February 28, 2007
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FROM VOLUME 6, NUMBER 10, OCTOBER 1993
ENERGY POLICY AND USE
"A New Energy Path
for the Third World," N. Lenssen, Technol. Rev., 42-51, Oct. 1993.
In this adaptation of a recent Worldwatch Institute paper, a senior
Worldwatch researcher shows how the old path, based on fossil fuels, is leading
developing countries to environmental and economic ruin. A better route combines
more efficient technologies with alternative sources of energy.
Against Global Warming," M. Hamer, New Scientist, 12-13, 1993.
Rethinking the design of towns and cities could help to restrain the growth
of traffic and cut CO2 emissions. Compares the potential savings for
different industrialized countries of the world. Based in part on a report
produced for the U.K. (See section on Reports/Transportation in this [October
Too Hot to Handle" (see General Interest section in this [October 1993]
"Demanding Plans for
Power Cuts," C. Cragg, New Scientist, 13-14, Mar. 27, 1993.
U.S. electricity companies make money, create jobs and reduce pollution by
helping their customers use less power through the techniques of demand-side
management. Britain has been slow to adopt the practice.
Windmills," J.G. McGowan, Technol. Rev., 39-46, July 1993.
Long seen as a quixotic energy source, at least in the U.S., wind power is
making a comeback, shattering several prominent myths (discussed here). With
coordinated effort and an enlightened government energy policy, it is not too
late for the U.S. to regain a leading role in wind-energy technology and
"Nuclear Power's Dim
Future," J. Josephson, Environ. Sci. Technol., 1007-1009, June
Interviews with industry experts lead the author to conclude that several
major problems will prevent U.S. utilities from turning to nuclear power as the
least-cost approach to abating CO2 or meeting future energy demands.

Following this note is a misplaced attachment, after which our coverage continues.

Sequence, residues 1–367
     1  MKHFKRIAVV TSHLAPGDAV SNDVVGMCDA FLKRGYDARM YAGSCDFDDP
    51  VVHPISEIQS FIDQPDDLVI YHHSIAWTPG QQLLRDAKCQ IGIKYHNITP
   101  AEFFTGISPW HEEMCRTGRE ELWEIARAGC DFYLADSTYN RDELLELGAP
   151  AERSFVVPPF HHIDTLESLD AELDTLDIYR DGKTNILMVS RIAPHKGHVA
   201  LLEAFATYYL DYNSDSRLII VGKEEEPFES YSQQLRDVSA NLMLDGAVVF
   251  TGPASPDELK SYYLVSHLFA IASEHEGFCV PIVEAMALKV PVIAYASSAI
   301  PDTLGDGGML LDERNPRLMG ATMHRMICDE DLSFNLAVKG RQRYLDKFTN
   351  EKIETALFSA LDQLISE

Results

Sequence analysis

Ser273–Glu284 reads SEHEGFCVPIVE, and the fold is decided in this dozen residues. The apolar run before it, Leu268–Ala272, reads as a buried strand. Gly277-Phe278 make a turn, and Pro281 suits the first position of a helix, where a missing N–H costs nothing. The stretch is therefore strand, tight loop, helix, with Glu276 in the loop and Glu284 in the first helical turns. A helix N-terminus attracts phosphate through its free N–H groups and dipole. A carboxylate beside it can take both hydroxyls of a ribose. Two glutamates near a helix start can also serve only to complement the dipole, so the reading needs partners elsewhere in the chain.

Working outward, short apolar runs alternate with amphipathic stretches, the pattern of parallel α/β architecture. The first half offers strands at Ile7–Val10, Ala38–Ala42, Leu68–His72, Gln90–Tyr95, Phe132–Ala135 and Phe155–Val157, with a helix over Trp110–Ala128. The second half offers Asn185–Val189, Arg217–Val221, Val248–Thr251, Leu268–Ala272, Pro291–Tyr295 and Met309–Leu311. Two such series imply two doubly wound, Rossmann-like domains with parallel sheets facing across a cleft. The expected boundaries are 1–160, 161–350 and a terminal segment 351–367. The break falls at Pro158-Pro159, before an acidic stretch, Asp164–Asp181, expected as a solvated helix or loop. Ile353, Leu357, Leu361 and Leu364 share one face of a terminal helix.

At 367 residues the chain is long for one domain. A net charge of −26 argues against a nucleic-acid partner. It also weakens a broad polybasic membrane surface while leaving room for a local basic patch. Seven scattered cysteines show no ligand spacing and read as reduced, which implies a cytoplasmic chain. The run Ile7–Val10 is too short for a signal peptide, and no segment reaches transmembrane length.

"Will Brazil's Cars
Go on the Wagon?" B. Homewood, New Scientist, 22-23, Jan. 9, 1993.
While the rest of the world searches for alternatives to fossil fuels,
Brazil is considering winding down its successful Proalcohol program--the
world's biggest experiment in alternative fuel that powers about a third of the
country's cars from sugar cane.
E. Denzler, Nucleus, 7-9, Fall 1993 (Union of Concerned Scientists, 26
Church St., Cambridge MA 02238).
Current sensitivity to how biomass energy systems can affect ecosystems may
allow us to utilize this renewable resource in an environmentally safe way and
reduces dependence on fossil fuels.
"All Charged Up,"
R.J. Hwang, ibid., 1-3, 12. Although electric vehicles will never fully
replace gas-powered vehicles, they can play an important role in mitigating
global warming and spurring the development of efficient vehicle technologies.
"Jump Start: The New
Automotive Revolution," C. Flavin, World Watch, 27-32, July-Aug.
1993. The first generation of environmentally responsible cars is at last on the
way. Major manufacturers are developing super-efficient and hybrid vehicles.
"Shedding Light on
the Compact Fluorescent," L. Lamarre, EPRI J., 22-27, Mar. 1993.
Many U.S. consumers are disatisfied with cur rently available compact
fluorescent lamps commonly promoted in the efficient-lighting programs of U.S.
utilities, and manufacturers have begun working on improvements. Meanwhile, EPRI
researchers are trying to determine the most effective next step for utility
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